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Distributed March 9, 2005
Contact Mark Nickel

Through April 22, 2005
The voices of Providence artists: A new oral history exhibition

The John Nicholas Brown Center for the Study of American Civilization is hosting its first exhibition in its new Carriage House Gallery through April 22, 2005. Intimacy and Isolation in Providence: An Installation is a collection of oral histories gathered by students from the city’s artists and institution builders. An opening reception is planned for Thursday, March 10, 2005, from 7 to 9 p.m.

PROVIDENCE, R.I. — The voices and stories of the city’s artists are being heard – and preserved – through a new exhibition at the John Nicholas Brown Center for the Study of American Civilization, the first exhibition in the center’s newly renovated Carriage House Gallery.

Intimacy and Isolation in Providence: An Installation, on display through April 22, 2005, is an oral history exhibit featuring the images and voices of 17 Providence artists and institution builders, including Raffini, Barnaby Evans, Ruth Frisch Dealy and Paul Ianelli.

Editors: The press is invited to an opening reception with the exhibition organizers and its featured artists Thursday, March 10, 2005, from 7 to 9 p.m. in the Center at 357 Benefit St.]

The exhibition, curated by Brown students and designed by students from Rhode Island School of Design, was initially developed in the fall of 2004 at Brown in an American civilization course, Theory and Methods of Oral History, taught by Paul Buhle, senior lecturer. Each of the students in Buhle’s class conducted two 60- to 90-minute interviews with local artists identified in an earlier project led by Buhle, titled Underground Rhode Island. The students began by investigating avant-garde art and culture in Rhode Island, but soon found themselves fascinated by the voices of men and women who were agents of change in Providence’s artistic community. In this exhibition, these key players speak for themselves, illuminating the connections between individuals and artists and communities, and between artists, issues and events.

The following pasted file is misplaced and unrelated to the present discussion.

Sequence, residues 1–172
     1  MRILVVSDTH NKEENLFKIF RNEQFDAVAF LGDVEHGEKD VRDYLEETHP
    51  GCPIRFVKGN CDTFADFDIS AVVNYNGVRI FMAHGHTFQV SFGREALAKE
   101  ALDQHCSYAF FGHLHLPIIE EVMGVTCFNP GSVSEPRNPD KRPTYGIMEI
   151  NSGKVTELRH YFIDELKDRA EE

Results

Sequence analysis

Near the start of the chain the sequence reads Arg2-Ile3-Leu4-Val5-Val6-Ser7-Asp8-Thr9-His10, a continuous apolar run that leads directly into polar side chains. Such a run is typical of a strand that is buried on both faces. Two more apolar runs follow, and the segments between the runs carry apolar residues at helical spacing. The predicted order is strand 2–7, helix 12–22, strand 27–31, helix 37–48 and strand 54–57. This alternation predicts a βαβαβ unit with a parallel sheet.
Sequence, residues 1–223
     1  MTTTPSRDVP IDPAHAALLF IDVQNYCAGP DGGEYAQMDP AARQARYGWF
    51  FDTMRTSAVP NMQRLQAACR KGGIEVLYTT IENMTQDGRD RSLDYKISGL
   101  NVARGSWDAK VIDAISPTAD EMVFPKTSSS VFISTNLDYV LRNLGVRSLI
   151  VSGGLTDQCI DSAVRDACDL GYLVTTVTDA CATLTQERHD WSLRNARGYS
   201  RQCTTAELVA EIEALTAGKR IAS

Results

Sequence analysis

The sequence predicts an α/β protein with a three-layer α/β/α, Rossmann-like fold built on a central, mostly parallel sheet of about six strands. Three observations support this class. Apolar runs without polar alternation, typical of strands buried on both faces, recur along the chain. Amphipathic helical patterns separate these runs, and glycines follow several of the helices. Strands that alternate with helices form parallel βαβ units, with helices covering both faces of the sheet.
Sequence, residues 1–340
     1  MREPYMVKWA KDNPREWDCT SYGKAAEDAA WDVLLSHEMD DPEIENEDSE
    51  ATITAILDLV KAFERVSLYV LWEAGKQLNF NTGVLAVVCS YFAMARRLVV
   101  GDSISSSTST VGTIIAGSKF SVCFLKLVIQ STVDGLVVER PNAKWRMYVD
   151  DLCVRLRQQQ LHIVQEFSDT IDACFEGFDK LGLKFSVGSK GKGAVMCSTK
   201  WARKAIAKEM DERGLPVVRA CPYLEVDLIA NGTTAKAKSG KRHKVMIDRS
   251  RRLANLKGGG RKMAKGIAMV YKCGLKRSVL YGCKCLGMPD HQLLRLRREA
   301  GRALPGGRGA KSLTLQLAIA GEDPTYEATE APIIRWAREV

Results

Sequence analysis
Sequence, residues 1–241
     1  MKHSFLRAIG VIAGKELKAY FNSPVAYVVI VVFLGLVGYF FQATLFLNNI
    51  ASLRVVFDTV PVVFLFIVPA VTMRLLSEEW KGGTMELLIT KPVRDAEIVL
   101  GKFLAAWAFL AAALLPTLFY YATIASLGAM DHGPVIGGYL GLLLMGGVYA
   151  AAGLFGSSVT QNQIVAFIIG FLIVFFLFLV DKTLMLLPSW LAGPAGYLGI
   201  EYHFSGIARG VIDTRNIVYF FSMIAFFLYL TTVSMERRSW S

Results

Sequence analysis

“The oral histories of artists and cultural activists capture a mood of Rhode Island life, the interracial culture blossoming in the 1950s, the ‘underground’ rock music of the 1960s and ’70s, the experimentation that went on little noticed by most people – in short, a story that has never been told,” said Buhle. “Seeing it, hearing it, offers an important way to understand what we have become and what we are.”

“The contributions of these institution builders are vital to the construction of what Providence is today,” said Steven Lubar, professor of American Civilization and director of the John Nicholas Brown Center. “This exhibit, like much of what we look forward to presenting, is a joint effort of Brown students and RISD students.

“This is an opportunity to bring student research to a larger audience. It's not only a good educational experience for the students, we believe it will also be of interest to the Brown and Providence community.”

Brown students Monica Martinez ’06, Nolan Shutler ’06 and John Butler ’07 curated the exhibition; RISD students Jannah Townsend and Shraddha Aryal designed the display. The featured Providence artists are Raffini, Barnaby Evans, Paul Iannelli, Peter Eiermann, Paula Hunter, Nancy Fuller, Jose Pinera, Xander Marro, Lynette Labinger, John Roney, Lynn Ho, Richard Fishman, Edward Zaretsky, Matthew Barros, Michael Gaughan, Milton Stanzler and Ruth Frisch Dealy.

The Carriage House Gallery, 47 Power St., is open Monday through Friday, 1 to 4 p.m. The exhibit is free and open to the public. For more information, call (401) 863-1177 or 272-0357.


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